New Books Network

Lincoln A. Mitchell, “San Francisco Year Zero” (Rutgers UP, 2019)
1978 was the year that changed San Francisco forever, writes Lincoln A. Mitchell in San Francisco Year Zero: Political Upheaval, Punk Rock and a Third-Place Baseball Team (Rutgers University Press, 2019). After the long hangover from the heady 1960s and summer of love, San Francisco was, by the late ‘70s,... Read More
Mark Alizart, “Dogs” (Polity, 2019)
Man’s best friend, domesticated since prehistoric times, a travelling companion for explorers and artists, thinkers and walkers, equally happy curled up by the fire and bounding through the great outdoors―dogs matter to us because we love them. But is that all there is to the canine’s good-natured voracity and affectionate... Read More
Jonathan Rees, “Before the Refrigerator: How We Used to Get Ice” (Johns Hopkins UP, 2018)
Frederic Tudor was the “Ice King” of early nineteenth-century America. It was Tudor who realized that ice, harvested from New England ponds and rivers could be shipped to the Caribbean. Shipping was cheap, because ships often went empty to pick up cargo; insulation could be made from sawdust, a waste... Read More
Liz Gloyn, “Tracking Classical Monsters in Popular Culture” (Bloomsbury Academic, 2019)
What is it about ancient monsters that popular culture still finds so enthralling? Why do the monsters of antiquity continue to stride across the modern world? In Tracking Classical Monsters in Popular Culture (Bloomsbury Academic, 2019), the first in-depth study of how post-classical societies use the creatures from ancient myth,... Read More
Jim Clarke, “Science Fiction and Catholicism: The Rise and Fall of the Robot Papacy” (Gylphi, 2019)
Ah, science fiction: Aliens? Absolutely. Robots? Of course. But why are there so many priests in space? As Jim Clarke writes in Science Fiction and Catholicism: The Rise and Fall of the Robot Papacy (Gylphi, 2019), science fiction has had an obsession with Roman Catholicism for over a century. The... Read More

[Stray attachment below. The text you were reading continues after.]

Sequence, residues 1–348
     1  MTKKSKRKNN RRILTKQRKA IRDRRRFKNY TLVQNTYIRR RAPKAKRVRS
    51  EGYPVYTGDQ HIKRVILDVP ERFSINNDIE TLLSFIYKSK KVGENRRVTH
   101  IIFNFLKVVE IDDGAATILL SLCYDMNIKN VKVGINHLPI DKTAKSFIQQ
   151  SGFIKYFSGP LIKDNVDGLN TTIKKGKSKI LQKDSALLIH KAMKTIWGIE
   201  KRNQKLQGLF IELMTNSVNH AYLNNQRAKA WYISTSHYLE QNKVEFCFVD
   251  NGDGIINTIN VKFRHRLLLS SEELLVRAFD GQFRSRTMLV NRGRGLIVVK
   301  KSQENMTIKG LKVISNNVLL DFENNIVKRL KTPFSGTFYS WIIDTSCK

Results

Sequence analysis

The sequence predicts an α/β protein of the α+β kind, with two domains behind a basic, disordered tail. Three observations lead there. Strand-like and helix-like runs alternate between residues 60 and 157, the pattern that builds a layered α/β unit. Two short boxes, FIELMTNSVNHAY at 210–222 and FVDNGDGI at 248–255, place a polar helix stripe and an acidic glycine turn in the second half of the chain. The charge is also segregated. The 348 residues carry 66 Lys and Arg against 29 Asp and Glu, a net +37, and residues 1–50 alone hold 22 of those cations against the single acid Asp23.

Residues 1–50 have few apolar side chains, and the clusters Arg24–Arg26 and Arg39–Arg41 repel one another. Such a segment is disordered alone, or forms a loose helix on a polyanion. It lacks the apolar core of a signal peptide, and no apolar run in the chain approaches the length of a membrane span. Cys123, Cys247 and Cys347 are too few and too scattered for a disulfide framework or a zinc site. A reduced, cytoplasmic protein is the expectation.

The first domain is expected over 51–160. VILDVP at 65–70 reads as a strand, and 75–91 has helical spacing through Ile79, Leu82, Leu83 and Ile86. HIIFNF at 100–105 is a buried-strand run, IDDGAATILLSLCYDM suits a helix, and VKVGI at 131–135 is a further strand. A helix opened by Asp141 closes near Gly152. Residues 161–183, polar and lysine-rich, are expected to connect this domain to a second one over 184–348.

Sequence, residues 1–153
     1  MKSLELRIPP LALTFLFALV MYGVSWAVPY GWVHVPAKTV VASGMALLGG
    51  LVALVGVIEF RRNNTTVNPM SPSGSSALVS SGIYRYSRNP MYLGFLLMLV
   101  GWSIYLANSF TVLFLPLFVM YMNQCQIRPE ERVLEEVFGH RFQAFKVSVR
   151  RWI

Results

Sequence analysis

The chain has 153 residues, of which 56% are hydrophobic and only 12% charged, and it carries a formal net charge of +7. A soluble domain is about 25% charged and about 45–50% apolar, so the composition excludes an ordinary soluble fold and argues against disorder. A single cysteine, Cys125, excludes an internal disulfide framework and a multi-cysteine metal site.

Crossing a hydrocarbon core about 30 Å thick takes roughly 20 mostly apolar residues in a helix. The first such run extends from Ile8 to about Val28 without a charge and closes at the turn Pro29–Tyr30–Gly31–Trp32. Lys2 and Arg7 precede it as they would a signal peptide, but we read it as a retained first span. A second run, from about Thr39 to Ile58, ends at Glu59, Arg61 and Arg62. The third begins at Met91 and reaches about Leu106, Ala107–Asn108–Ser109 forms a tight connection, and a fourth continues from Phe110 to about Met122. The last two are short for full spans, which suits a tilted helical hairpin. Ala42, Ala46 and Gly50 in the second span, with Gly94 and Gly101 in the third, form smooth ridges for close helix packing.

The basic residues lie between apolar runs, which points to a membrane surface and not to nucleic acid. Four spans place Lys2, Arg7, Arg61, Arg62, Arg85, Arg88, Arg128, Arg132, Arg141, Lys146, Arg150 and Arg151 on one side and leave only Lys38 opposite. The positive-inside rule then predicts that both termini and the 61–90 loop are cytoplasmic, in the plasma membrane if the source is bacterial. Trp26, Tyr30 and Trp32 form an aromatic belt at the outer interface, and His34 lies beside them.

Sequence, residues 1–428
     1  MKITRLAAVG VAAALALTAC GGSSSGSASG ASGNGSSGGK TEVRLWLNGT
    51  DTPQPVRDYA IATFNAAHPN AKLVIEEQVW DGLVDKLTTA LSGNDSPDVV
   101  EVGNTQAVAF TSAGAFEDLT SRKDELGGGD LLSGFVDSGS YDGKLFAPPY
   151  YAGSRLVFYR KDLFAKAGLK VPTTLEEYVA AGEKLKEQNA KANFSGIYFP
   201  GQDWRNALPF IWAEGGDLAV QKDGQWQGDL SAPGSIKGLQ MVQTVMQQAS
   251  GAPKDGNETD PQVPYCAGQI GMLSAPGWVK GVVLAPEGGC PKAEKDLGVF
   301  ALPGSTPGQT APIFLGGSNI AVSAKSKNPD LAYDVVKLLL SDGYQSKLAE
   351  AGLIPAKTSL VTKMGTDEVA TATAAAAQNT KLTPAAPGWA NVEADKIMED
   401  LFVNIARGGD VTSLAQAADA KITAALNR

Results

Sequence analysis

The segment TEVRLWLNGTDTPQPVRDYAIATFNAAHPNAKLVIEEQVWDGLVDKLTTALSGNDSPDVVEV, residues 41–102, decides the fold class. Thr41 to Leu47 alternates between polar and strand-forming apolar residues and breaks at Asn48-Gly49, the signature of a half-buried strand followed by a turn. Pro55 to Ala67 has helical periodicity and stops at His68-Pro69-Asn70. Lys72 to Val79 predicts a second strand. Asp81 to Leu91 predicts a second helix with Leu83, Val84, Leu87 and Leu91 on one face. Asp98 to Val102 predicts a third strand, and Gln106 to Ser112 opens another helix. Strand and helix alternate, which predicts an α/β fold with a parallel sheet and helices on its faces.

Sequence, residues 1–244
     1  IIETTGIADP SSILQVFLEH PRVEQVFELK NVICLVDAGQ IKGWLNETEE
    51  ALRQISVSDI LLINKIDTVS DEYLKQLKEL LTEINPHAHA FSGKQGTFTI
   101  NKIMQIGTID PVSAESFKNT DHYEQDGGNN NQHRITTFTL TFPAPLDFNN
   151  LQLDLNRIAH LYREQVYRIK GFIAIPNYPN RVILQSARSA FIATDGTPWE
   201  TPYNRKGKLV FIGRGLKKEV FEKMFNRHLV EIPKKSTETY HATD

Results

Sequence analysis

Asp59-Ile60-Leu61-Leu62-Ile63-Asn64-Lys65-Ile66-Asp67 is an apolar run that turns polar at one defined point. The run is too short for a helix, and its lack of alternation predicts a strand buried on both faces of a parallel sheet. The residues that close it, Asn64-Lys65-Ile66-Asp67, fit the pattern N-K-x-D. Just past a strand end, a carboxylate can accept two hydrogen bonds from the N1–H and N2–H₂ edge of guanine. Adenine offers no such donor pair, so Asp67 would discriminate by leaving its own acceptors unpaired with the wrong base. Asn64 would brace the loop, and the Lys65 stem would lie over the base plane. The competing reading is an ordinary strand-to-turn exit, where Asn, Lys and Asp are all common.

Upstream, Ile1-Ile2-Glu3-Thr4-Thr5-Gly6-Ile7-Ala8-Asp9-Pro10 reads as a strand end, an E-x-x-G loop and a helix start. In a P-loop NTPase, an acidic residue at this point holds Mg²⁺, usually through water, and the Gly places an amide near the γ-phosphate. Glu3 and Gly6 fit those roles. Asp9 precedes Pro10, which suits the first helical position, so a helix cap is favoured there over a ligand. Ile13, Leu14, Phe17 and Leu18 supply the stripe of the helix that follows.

Nina Sun Eidsheim, “The Race of Sound: Listening, Timbre and Vocality in African American Music” (Duke UP, 2019)
In 2018, Nicolle R. Holliday and Daniel Villarreal published the results of a study they conducted asking people to rank how “black” President Obama sounded when given four different examples of his speech. Dr. Nina Sun Eidsheim’s latest book, The Race of Sound: Listening Timbre and Vocality in African American... Read More
Aisha Shillingford and Terry Marshall, “Black Freedom Beyond Borders: Re-Imaging Gender in Wakanda” (WDL, 2019)
Wakanda Dream Lab’s anthology, Black Freedom Beyond Borders: Re-Imaging Gender in Wakanda, features the work of writers, artists, and activists, as they imagine gender justice through the framework of Wakanda. The various stories and pieces are creative and thought-provoking as they center the voices, experiences, and visions of Black and... Read More